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What makes cells stop dividing and growing

Buildup of GATA4 protein pushes cell into static state of senescence, a change linked to aging

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2:00pm, September 24, 2015

BUILDING UP  Brain cells from older people (center) contained visibly greater amounts of the protein GATA4 (red) than brain cells from younger people (left). The chart compares the presence of the protein in young (blue) and old (red) cells. GATA4 plays a key role in switching on senescence, a cellular state linked with aging disorders. 

Scientists have discovered a biochemical switch that seals a cell’s fate. 

A buildup of the protein GATA4 forces cells to enter a permanently static state known as senescence, researchers report in the Sept. 25 Science. The discovery sheds light on a complex biological process linked to aging and cancer, and may help scientists better understand and treat aging-related diseases.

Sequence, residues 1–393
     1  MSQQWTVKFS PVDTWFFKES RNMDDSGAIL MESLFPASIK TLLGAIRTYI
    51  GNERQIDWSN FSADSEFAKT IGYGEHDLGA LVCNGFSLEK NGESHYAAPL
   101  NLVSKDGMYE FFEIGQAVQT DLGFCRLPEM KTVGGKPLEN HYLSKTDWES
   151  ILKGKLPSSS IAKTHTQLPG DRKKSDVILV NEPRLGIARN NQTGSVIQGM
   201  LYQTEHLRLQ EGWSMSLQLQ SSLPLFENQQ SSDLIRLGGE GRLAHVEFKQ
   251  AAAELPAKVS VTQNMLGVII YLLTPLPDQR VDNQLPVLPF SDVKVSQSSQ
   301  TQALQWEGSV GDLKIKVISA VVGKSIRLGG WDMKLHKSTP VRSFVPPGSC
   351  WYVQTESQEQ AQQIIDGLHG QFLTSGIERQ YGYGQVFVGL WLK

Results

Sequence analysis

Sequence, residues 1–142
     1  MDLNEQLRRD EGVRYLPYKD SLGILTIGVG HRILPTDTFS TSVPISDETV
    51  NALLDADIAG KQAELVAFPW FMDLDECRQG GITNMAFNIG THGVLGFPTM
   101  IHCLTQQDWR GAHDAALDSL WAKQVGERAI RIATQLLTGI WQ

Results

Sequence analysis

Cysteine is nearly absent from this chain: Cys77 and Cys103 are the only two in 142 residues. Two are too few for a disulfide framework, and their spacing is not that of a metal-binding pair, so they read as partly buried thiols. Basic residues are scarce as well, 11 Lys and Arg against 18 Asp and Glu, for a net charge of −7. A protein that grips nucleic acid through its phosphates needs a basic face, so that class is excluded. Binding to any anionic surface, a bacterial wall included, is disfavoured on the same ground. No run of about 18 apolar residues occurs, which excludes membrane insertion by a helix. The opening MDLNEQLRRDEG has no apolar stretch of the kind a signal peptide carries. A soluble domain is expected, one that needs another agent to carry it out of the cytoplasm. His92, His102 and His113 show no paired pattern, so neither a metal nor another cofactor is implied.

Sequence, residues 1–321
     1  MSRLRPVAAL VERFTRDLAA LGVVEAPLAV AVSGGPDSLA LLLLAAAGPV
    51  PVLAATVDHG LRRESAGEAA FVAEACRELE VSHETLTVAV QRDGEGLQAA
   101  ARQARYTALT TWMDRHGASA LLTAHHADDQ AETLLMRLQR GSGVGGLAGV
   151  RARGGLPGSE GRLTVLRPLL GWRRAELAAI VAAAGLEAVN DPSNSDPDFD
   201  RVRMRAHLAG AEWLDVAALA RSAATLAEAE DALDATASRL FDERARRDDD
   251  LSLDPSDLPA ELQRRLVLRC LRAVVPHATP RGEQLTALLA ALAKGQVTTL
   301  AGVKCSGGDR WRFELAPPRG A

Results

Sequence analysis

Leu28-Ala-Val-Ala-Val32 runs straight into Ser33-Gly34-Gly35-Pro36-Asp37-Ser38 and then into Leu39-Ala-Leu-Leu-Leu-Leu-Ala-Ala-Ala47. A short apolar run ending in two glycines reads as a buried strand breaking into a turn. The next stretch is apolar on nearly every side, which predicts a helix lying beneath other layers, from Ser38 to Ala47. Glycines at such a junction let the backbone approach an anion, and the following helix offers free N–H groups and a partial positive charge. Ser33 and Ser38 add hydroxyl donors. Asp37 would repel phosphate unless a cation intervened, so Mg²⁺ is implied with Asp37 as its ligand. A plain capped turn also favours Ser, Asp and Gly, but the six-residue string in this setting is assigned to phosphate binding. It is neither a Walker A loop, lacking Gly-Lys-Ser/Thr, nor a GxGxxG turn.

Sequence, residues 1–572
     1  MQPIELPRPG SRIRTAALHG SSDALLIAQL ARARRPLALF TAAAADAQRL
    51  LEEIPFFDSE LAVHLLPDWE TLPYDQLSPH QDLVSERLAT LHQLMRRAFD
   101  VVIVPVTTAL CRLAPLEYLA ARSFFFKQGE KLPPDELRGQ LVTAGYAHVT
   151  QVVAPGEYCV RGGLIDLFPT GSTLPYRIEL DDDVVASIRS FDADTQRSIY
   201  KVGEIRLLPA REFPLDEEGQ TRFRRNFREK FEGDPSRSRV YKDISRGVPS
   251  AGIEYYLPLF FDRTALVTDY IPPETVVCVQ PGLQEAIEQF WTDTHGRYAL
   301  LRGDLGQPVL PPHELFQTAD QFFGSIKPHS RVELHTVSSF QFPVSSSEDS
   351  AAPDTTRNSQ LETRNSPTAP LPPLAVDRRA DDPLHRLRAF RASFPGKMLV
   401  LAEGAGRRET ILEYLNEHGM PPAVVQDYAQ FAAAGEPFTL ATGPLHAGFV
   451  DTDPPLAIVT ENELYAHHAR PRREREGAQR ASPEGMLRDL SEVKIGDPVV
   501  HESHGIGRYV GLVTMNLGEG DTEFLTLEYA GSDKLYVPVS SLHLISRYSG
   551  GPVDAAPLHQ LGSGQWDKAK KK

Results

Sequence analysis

Senescence — in which cells stop growing and dividing — results from serious stress and genetic damage, says study coauthor Stephen Elledge, a geneticist at Harvard Medical School. GATA4 helps turn on this response in cells. The researchers found that senescent cells contained higher levels of GATA4, and producing the protein in human connective tissue cells turned the cells senescent.

GATA4 is a new link in a biological chain of events that causes senescence, says geriatrician

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